This is the first in a series for Women’s History Month where female students met with women who work at Duke Energy to tour each employee’s workplace and learn about careers in the energy industry. By showing the girls careers they were unaware of, we hope to inspire them to cast aside gender roles and set their own path.
Eighth-grader Nina Cancro walked into Duke Energy’s Distribution Control Center not sure what to expect. That’s understandable because people rarely see this side of energy delivery, but Sharene Pierce was ready to give her a tour.
Inside the Distribution Control Center, employees monitor the energy grid 24/7 and correct any issues that affect energy generation and delivery. Pierce is the general manager of grid management. She’s responsible for about 60 engineers and technicians who monitor the substations, power poles and lines that make up the distribution system in seven states.
Before starting the tour, Pierce asked if Nina thought about electricity often.
No, Nina said, but she uses it every day.
“That’s actually a good thing,” Pierce said. “We want electricity to be like oxygen – you just breathe. You don’t think about oxygen on a daily basis, but our job is to be sure that, just like oxygen, your electricity is always there.”
The Distribution Control Center opened last year. The employees can see energy being transmitted in real time and spot issues as they emerge. With new technologies being installed, they can fix some problems remotely and more quickly than ever, which means fewer and shorter outages for customers.
Pierce, who has worked at Duke Energy since she was a student at NC State University 19 years ago, said with all the advancements in technology, it’s hard to believe this work used to be done manually or on paper.
“We’ve gotten to the point now, that every power line that we have – the ones you usually ignore when you’re driving down the street,” she said, “are actually depicted in the software that we have.”
The employees here work 12-hour shifts, so their sit-to-stand desks get a lot of use. Each employee has eight monitors to keep tabs on applications and conditions including weather, current outages, customer demand and energy production, and systems that remotely control breakers and other equipment.
Operators sit on one side of the room, and they’re responsible for several things. They might see where a tree has fallen on a line and dispatch a team to fix it. They also talk to customers. Smart meters allow information to flow back-and-forth between your house and Duke Energy, so when you call in to report a problem, operators can look up your meter and determine if the problem is at your house or with power delivery. During storms, Pierce said, they’re busy trying to restore power as quickly and safely as possible, too.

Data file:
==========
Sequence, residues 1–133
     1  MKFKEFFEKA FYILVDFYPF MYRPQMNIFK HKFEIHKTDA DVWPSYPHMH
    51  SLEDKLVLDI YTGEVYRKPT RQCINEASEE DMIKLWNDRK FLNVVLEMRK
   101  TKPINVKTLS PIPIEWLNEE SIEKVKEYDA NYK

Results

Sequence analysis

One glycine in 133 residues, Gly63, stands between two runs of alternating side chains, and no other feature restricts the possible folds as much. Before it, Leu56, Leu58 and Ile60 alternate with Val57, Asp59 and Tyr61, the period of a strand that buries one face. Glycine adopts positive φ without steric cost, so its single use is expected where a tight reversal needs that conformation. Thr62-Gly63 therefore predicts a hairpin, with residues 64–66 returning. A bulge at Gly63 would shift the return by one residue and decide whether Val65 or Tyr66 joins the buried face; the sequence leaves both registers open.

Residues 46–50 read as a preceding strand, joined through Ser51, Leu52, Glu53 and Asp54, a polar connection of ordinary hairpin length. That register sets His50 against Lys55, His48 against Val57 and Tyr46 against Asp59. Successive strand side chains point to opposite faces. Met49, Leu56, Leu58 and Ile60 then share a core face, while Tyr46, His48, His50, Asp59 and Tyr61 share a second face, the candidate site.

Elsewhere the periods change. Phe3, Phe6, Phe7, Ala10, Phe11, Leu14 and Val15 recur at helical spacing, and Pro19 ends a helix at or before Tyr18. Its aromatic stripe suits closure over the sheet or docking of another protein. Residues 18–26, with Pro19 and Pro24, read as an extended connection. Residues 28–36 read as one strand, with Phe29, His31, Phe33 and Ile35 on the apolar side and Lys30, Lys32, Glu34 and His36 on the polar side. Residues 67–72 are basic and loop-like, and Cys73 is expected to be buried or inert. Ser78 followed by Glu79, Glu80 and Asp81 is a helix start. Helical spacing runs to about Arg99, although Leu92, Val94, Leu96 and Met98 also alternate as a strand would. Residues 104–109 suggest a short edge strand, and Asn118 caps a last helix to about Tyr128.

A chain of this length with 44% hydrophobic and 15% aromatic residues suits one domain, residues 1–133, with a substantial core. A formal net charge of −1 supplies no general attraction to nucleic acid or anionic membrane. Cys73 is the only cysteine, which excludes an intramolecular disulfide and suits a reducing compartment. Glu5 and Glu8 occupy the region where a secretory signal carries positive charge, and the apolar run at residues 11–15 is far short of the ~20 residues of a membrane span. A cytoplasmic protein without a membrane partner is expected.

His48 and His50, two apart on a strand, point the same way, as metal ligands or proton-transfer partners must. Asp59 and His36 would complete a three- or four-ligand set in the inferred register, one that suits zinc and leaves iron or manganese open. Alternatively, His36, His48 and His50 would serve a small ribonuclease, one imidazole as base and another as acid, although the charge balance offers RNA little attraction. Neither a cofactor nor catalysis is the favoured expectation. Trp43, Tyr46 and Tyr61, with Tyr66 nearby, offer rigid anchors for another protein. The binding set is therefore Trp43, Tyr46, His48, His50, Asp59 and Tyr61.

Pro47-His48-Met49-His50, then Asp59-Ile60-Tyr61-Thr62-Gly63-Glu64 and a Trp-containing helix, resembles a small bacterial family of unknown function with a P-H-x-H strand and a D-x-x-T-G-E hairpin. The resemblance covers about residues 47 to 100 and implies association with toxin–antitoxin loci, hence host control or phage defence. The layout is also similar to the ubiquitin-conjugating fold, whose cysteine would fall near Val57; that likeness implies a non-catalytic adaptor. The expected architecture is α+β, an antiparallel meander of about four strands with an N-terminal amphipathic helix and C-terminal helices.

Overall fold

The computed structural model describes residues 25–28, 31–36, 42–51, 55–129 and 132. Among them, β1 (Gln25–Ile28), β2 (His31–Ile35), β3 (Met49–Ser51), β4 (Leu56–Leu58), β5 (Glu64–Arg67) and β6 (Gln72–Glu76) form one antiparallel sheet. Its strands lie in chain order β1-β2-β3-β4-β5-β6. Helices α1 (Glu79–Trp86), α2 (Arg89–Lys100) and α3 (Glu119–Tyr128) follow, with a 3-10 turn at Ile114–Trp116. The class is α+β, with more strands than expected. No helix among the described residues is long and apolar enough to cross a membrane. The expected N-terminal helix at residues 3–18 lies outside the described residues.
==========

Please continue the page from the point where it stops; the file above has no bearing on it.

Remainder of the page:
“We know people want to get everything back to normal,” she said, “so, we give it everything we’ve got to get the power back on.”
On the other side of the room, Pierce’s team of technicians and engineers are grouped together. Nina met Sarah Kutcher, who graduated from Clemson University as an electrical engineer in 2010 and has worked at Duke Energy since. As a grid engineer, Kutcher studies how to reroute power using switches and circuit breakers during unplanned outages or when crews need to de-energize a portion of the grid to work safely.
She’s also optimizing self-healing technology, an automated network that will shorten outages. The technology is installed between substations, so when a car hits a pole for example, the self-healing devices will automatically sense the disruption and isolate the damaged section of the grid. Then, the electricity will be rerouted from an alternate source and fewer people will be without power.
“It’s cool to see behind the scenes of how everything works,” Nina said, “and how energy is transported from one place to another.”
Kutcher said she loves her career in engineering – it relates to what she studied in college and allows her to do what she’s always wanted: solve problems and help people. Pierce agrees that it’s a meaningful career.
“We touch a lot of lives,” she said. “When I go home at night I can say, ‘I ensured that 24 million people had electricity. That’s pretty important.’”
Nina left feeling inspired, too.
“It’s motivational to hear that as a woman,” Nina said, “you can do exactly what you want.”
Sharene's advice to Nina
Have fun. You’ve gotta study, but it’s also important to have fun because you have several more years of school and work, so fun is just as important.
Explore. There’s so many options in terms of what you can do for your career. It doesn’t matter if you’re a girl, or a boy, what your skin color is, or where you come from. We have a society now where you can do whatever you want to. There might be something out there that you don’t know about yet.
Don’t try to do it by yourself. I’ve always had the support I needed to be successful starting from the first day that I walked in as a student. I’ve had mentors -- male and female -- who said, “if you want to learn, I’ll teach you.”